Deutsche Bahn develops resilience strategy for future weather extremes
Based on a new study by the Potsdam Institute for Climate Impact Research, Deutsche Bahn has developed a resilience strategy to protect its network from the impacts of extreme weather and climate change.
Credit: Deutsche Bahn
Deutsche Bahn (DB) has announced that it is preparing for future weather extremes with a new resilience strategy. The basis for the group-wide package of measures is a new study by the Potsdam Institute for Climate Impact Research (PIK), in which weather experts have investigated climatic changes up to 2060.
The results of the study found that there would be significantly more heat days and less harsh winters in Germany in the future. In addition, weather extremes such as heavy rain and hail would become more common. As a result, Deutsche Bahn is using the scientific data to better prepare infrastructure, vehicles, energy systems and stations against climate consequences. Ultimately, DB’s goal is to make its rail network weatherproof so that passengers can travel unhindered and goods can be transported in a stable manner.
Ronald Pofalla, DB Infrastructure Board Member, said: “Climate change has long been a reality – this is made clear once again by the new investigation by PIK. Therefore, the most urgent concern of our society must be the reduction of CO2 emissions. Our ultimate goal at DB: climate neutrality by 2040. At the same time, we will make rail even more weatherproof for our passengers. With the PIK forecast data for 34 transport regions, we have created a good basis for our resilience strategy in order to react even more specifically to local weather phenomena in the future. Disruptions caused by climate consequences on rail traffic can thus be prevented even more effectively.”
Prof. Ottmar Edenhofer, Director and Chief Economist of the Potsdam Institute for Climate Impact Research, said: “The data presented for Deutsche Bahn show climate risks for the whole of Germany. These risks affect the railways with its nationwide rail network in a special way – but they ultimately affect us all. If we fire coal, oil and gas and thus emit greenhouse gases and heat up the earth system, then this leads to weather changes. These cause considerable economic damage, today and even more tomorrow. Adaptation is important here. Even more important is a rapid reduction in CO2 emissions, as operated by the railways. Mobility with electricity from sun and wind is the key. Road traffic must follow suit here if German climate targets are to be achieved.”
DB’s climate resilience strategy will primarily include further optimised vegetation management on the track, as well as robust vehicles and plants, subsequently creating a weatherproof infrastructure. DB is working to achieve more stability in the event of changed weather conditions; for example, through more climate-resistant interlocking technology and energy systems. Sensors will record plant temperatures and environmental conditions in the future, and DB can thus detect possible disturbances caused by climate damage at an early stage and initiate repairs in good time.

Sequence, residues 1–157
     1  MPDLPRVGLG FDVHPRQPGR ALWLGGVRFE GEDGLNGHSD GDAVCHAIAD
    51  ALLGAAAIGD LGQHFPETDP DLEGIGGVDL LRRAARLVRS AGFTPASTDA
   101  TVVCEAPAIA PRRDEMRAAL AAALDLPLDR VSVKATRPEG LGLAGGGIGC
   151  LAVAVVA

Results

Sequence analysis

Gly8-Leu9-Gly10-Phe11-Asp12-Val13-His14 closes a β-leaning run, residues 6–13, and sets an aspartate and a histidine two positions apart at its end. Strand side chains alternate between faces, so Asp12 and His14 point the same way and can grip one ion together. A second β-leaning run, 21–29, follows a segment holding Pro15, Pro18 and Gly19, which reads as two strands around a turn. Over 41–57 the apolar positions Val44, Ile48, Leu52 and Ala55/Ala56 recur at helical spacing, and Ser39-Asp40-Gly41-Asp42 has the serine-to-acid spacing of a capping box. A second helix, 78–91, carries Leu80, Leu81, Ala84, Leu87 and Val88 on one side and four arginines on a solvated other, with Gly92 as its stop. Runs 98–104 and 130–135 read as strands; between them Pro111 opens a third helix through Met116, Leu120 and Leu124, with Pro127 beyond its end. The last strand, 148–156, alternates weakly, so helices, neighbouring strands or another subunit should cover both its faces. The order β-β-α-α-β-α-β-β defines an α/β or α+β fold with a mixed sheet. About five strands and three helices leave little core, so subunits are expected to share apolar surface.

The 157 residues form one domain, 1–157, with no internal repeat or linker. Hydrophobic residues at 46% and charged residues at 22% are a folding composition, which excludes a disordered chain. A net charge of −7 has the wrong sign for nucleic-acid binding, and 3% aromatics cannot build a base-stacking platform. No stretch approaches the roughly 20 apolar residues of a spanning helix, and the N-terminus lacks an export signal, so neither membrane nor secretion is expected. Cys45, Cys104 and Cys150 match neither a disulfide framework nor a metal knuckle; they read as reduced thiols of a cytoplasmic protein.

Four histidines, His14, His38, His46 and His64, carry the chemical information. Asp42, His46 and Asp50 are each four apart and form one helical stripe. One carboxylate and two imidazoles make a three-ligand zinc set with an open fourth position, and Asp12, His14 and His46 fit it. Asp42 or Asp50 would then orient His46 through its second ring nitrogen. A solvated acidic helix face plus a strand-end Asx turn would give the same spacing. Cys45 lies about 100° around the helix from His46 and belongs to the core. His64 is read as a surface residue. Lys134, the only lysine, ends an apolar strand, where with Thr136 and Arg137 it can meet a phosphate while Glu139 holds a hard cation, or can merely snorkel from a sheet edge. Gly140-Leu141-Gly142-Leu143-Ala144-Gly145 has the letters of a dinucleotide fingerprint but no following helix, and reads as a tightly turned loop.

For Deutsche Bahn, PIK analysed weather data from 1961 to 2020. Based on this, the scientists developed projections on possible developments in the climate for the years 2031 to 2060 with different computer simulations. PIK considered 11 climate factors, including heat, storms and ice, as well as the development of heavy rain, for a total of 34 transport regions.
According to the researchers, heat continues to increase in the future – with a focus on the regions of Mainz, Karlsruhe and parts of northeast Germany. At the same time, the amount of ice is falling significantly, especially in the western regions. PIK also assumes that the southern federal states and the Hagen region will be affected by heavy rain in the future, which can already be observed.
After the first climate study by PIK in 2018, Deutsche Bahn has undertaken a variety of concrete technical, organisational and personnel measures to prepare itself for the consequences of climate change. With more personnel, more expertise, digital tools and investments of €125 million annually, DB has demonstrably become more weatherproof for its passengers: storm damage caused by trees has decreased by 25 per cent since 2018.
Deutsche Bahn also provides for rail vehicles. All newly purchased long-distance trains are designed for a stable indoor climate – the flagship ICE 4 is even equipped for outdoor temperatures of up to 45 degrees. DB checks the systems on a regular basis – at least every six months – and, in order to ensure the stability of the air conditioning systems on its long-distance trains alone, DB spends a mid-double-digit million amount annually. Older series are overhauled for longer use and re-equipped with climate-resistant systems. The same applies to vehicles in regional transport, as well as DB’s new S-Bahn trains.
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